In addition to getting a detailed instructional video on using the light meter, you also gain insight into lighting setups, working with models and other creative decisions that Frank demonstrates during his video.
This is a video that you may want to watch more than once to grasp all of the concepts that Frank teaches. Some of his lighting setups deal with ratios and measurements that sound simple, but may leave you scratching your head for a moment.
Don't worry. Frank explains everything he does so you not only know how to do it, but why you want to do it in the first place.
By the end of the video, you'll realize understanding how to use the light meter can give you creative lighting possibilities that you may have never tried.
What The Video Doesn't Do
Frank uses the same light meter that I bought, but this video is not about a specific light meter. In other words, it isn't a product demo. You'll see how a light meter works, but he doesn't go into the specific buttons and dials as an overview or tutorial of the specific light meter.
The video is about using a light meter, not using this light meter. Therefore, the concepts should still apply if you use some other brand or model of light meter. You still have to read your manual.
The Light Meter And Creativity
I heard a professional photographer that I admire and respect dismiss the light meter because he thinks of himself as an artist, not a photographer. I wouldn't disagree with his self-assessment, but I think he's wrong about the light meter.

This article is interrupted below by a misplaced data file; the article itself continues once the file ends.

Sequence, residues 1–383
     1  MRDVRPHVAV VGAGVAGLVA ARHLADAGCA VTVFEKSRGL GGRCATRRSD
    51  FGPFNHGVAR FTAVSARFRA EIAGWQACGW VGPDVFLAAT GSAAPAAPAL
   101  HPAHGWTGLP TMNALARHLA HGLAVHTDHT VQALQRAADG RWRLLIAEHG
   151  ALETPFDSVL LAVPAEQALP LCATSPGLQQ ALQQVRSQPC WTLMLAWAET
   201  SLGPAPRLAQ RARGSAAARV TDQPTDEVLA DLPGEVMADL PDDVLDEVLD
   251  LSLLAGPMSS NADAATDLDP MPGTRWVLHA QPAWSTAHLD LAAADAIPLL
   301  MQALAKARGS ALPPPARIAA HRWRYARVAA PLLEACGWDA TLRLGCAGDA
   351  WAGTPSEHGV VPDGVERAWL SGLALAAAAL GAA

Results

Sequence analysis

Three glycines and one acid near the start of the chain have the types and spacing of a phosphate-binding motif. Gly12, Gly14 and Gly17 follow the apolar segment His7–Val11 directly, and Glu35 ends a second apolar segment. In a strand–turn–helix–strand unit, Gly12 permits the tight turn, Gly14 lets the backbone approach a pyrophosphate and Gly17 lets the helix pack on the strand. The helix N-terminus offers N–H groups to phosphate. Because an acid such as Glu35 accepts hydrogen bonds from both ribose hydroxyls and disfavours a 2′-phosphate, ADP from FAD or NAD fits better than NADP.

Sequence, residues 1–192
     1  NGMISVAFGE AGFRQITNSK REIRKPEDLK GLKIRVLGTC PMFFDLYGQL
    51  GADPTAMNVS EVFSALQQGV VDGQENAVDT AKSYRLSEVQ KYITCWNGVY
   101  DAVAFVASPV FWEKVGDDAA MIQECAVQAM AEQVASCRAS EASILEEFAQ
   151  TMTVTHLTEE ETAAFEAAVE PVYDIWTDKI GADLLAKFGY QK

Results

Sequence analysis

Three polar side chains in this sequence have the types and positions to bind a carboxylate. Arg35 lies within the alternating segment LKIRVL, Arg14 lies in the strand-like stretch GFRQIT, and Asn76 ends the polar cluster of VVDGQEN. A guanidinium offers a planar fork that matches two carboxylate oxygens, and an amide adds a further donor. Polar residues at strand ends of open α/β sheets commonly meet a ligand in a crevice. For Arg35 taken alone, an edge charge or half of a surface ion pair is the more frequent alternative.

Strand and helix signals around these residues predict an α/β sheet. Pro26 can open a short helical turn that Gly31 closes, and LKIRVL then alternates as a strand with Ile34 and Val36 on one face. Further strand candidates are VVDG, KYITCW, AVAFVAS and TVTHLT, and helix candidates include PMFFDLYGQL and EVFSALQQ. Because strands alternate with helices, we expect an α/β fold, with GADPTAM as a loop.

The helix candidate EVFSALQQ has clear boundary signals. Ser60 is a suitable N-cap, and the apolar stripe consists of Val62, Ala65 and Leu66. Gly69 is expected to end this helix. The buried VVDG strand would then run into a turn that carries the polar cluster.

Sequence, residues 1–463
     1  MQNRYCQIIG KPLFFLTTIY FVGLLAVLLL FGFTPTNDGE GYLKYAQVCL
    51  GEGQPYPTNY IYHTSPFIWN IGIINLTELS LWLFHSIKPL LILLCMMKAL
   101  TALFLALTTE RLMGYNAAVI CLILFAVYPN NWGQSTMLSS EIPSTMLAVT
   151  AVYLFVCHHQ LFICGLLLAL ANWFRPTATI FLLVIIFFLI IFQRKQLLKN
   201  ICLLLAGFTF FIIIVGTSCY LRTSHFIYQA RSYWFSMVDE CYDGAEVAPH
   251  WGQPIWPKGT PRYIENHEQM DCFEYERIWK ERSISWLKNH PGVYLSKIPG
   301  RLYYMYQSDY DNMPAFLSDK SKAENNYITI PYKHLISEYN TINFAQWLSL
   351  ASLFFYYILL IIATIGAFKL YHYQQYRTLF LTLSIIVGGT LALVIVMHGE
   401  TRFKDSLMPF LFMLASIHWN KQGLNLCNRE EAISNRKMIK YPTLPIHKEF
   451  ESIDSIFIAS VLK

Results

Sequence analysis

Using a light meter doesn't kill creativity. It doesn't decide which exposure you will use or what is the artistic definition of a proper exposure.
It's a tool. It measures light and calculates variables. The exposure decisions are still up to you, the photographer or artist, to decide how to apply that information. Don't blame the tool.
The responsibility for the image you want is in your hands. All the light meter does is help you make the decision without wasting time.
If anyone really believes that a light meter limits your creativity with regard to exposure, then they should take a good look at Frank Doorhof's portfolio and just shut up.
Where To Buy Mastering The Model Shoot: The Light Meter
I'm very pleased with Mastering The Model Shoot: The Light Meter by Frank Doorhof and have no problems recommending it. I'll be watching it a few more times to let the lessons sink in as I put them into practice.
You can purchase the video from Frank's web site: Mastering The Model Shoot: The Light Meter